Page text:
Paul Van Dyk
Paul Van Dyk has been creating trance music for a damn long time now, and he's fittingly earned quite a reputation both for his DJ skills and his track production. I first heard his work probably 8 or more years ago on one of the excellent Trance Europe Express compilation CDs, which plopped tracks by the likes of everyone from Aphex Twin to Mouse On Mars to Irresistable Force and Meat Beat Manifesto next to one another. It was with some of those releases that I had my earliest introduction to both trance music and electronic music as a whole, and although many of the artists featured on those releases dropped out of the spotlight to never be heard from again, some of them are still clubbing right along.
Paul Van Dyk is one of those people, and although I would have never guessed it at the time, he's built up a huge following of fans around the world. Global PVD is a fancy, DVD/CD package retrospective of his nearly decade of work, and it gives you a downright overdose of material. Interestingly enough, the audio compact disc is loaded with his newer material, barely dipping earlier than his two previous albums (Seven Ways and Out There And Back), leaving off what is quite possibly a period of his more inventive and interesting work (which is the work that I first heard by him on the aforementioned TEX comps).
Of course, by leaving off much of that earlier material, the disc is mainly a focus on Van Dyk's progressive trance output of the past 5 years or so, punctuated by crisp beats and waves of lovely arpeggios (that border on downright cheesy at times). He keeps things light (or lite) and uplifting, and because of that has become a staple on decks in the global trance arena. With each subsequent release, it seems that Van Dyk has taken the edge off his music just a slight bit, resulting in his more recent work that is nearly impossible to seperate from that of the scores of other trance producers on the market today.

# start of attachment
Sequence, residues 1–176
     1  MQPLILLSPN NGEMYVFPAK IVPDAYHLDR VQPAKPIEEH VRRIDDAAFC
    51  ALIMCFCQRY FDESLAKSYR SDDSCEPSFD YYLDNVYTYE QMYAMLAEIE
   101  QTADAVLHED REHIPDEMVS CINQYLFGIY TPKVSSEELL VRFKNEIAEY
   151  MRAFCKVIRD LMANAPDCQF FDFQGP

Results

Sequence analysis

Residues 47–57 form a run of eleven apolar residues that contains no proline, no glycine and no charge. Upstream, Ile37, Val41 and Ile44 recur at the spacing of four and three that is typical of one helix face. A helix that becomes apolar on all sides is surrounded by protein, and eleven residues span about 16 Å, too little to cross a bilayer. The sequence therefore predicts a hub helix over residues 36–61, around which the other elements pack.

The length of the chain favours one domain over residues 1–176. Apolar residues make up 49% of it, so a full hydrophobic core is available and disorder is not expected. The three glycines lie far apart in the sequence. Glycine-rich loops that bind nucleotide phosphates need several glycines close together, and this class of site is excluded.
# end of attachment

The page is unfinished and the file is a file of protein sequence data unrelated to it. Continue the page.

The DVD portion of the set culls clips from sessions in New York, Tokyo, Bangkok, Mexico City, Ibiza, and others. He makes his rounds on all the big festivals, including Love Parade, Gatecrasher, Amnesia, and others, playing to crowds that number in the thousands. Like Underworlds Everything Everything DVD, the focus of the DVD is mainly on the audiences eating up his DJ sessions, but somewhat annoyingly, the tracklisting of the video portion of the DVD is exactly the same as on the Audio CD. There are optional camera angles and short intro segments filmed at each stop to keep things a little more visually interesting (as well as a very nicely-designed interface), but unless you enjoy sitting and watching 75+ minutes of clubbers raving it up, it's not the most exciting time (unless you know someone on it). It's the extra bits on the DVD that make it a little more worthwhile, from the interview snippets with PVD himself to the interviews with fans talking about him. There are also full videos for 5 different tracks, as well as an anti-ecstacy commercial that he did the music for and a couple movie trailers as well. In the end, it remains a document only for the hardcore fans, as most of the musical material is recycled from the most recent releases, and you can only watch so much footage of people dancing without wanting to shut it off and go do it yourself.